Friday, June 17, 2011

How to curb food cravings: 6 things you can do right now.

If you’re a woman between the ages of 18 and 35, you’re a slave to your cravings.  Food psychologists at the University of Pennsylvania singled out that particular female demographic as having the biggest problem reining in their edible whims. They also found that 90 percent of the time, those whims are for chocolate.

In fact, the most popularly craved foods are 30 percent higher in fat than healthy grub and 50 percent lower in protein. But they feel so good going down. That’s because commonly craved foods, like chocolate, release dopamine, activating your brain’s pleasure center.

In simple terms, cravings are the saboteurs of your perfectly planned diet. They strike when you’re at your most relaxed and they can drive you crazy unless you know how to curb them.

The good news is that they can be conquered in six simple steps. And no, attaching an alarm to your fridge isn’t one of them.

Step 1: Spread your calories throughout the day. Cravings aren’t always born out of hunger but if your stomach is slightly growling, it can make for a convenient excuse to indulge. If you graze lightly throughout the day instead of heaping on the massive portions during mealtime, you’re less likely to rationalize that mid-day bag of chips.

Step 2: Stay distracted. Cravings come, on average, in 15-minute intervals, so if you’re hankering for a hunk of cheese, get busy. Send out that email you’ve been meaning to tackle or spend some time getting lost in a blog. Studies show visual distractions are highly effective in fighting thoughts of food, so use the time to cater to some eye-candy.

Step 3: Give your tongue a treat, not your stomach. Keep breath mints or dissolving strips handy in case of emergencies. They’ll activate your sense of taste and smell, without adding unneeded calories.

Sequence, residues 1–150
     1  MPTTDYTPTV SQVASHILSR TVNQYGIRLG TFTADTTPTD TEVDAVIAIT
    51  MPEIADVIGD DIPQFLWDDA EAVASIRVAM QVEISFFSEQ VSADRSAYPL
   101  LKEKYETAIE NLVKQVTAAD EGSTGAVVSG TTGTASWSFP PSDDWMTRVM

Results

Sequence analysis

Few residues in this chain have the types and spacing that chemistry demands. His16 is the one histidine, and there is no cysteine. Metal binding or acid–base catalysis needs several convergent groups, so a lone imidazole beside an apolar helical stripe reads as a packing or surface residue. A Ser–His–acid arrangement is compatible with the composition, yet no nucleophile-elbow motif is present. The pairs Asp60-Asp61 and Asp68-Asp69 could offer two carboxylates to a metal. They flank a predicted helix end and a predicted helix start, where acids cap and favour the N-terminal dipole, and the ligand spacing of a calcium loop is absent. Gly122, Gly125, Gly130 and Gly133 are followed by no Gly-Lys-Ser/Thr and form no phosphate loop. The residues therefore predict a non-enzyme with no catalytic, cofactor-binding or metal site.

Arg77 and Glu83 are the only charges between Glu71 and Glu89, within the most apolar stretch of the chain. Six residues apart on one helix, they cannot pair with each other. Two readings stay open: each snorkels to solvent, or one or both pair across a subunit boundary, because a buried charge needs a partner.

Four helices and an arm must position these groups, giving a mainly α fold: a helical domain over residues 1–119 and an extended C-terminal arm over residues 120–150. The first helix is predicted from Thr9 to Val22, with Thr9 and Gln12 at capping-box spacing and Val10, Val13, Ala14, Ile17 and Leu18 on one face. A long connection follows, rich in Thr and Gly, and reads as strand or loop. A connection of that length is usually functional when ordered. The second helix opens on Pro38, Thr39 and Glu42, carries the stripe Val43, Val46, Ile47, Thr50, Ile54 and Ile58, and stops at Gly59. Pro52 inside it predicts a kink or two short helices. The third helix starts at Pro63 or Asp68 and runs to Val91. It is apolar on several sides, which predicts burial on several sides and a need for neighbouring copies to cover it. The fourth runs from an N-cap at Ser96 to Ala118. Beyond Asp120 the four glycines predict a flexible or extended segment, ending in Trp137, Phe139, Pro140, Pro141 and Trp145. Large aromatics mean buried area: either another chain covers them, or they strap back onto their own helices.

Step 4: Create a mantra. If a plate of cookies is beckoning, tell it who’s boss. State your intention: “I will not eat this plate of cookies.”  Repeat it at least three times until it becomes a fact. Research shows that declarations of intention increase will power. And that’s exactly what you need to call in for backup when cravings get the best of you.

Step 5: Go ahead and indulge, lightly. We never fully outgrow our inner child, and parents know the cardinal rule with kids is when you say they can’t have something, they want it more. Same goes for your own cravings. The more you deny yourself sweets, the more you’ll want them. Sweets shouldn’t be completely taboo, but they should be considered the occasional reward, enjoyed in bites not boxes.

Step 6: Keep it brief. So you’ve caved into that piece of cake. All is not lost. Try to limit your indulgence to a few bites, savoring the flavor and texture but avoiding the complete annihilation of the objet desir. The satisfaction of tasting your treat will be intense at first but researchers have found that pleasure decreases dramatically after the first few bites. So savor the first few bites slowly and then stop yourself before your start destroying the evidence through your stomach.  

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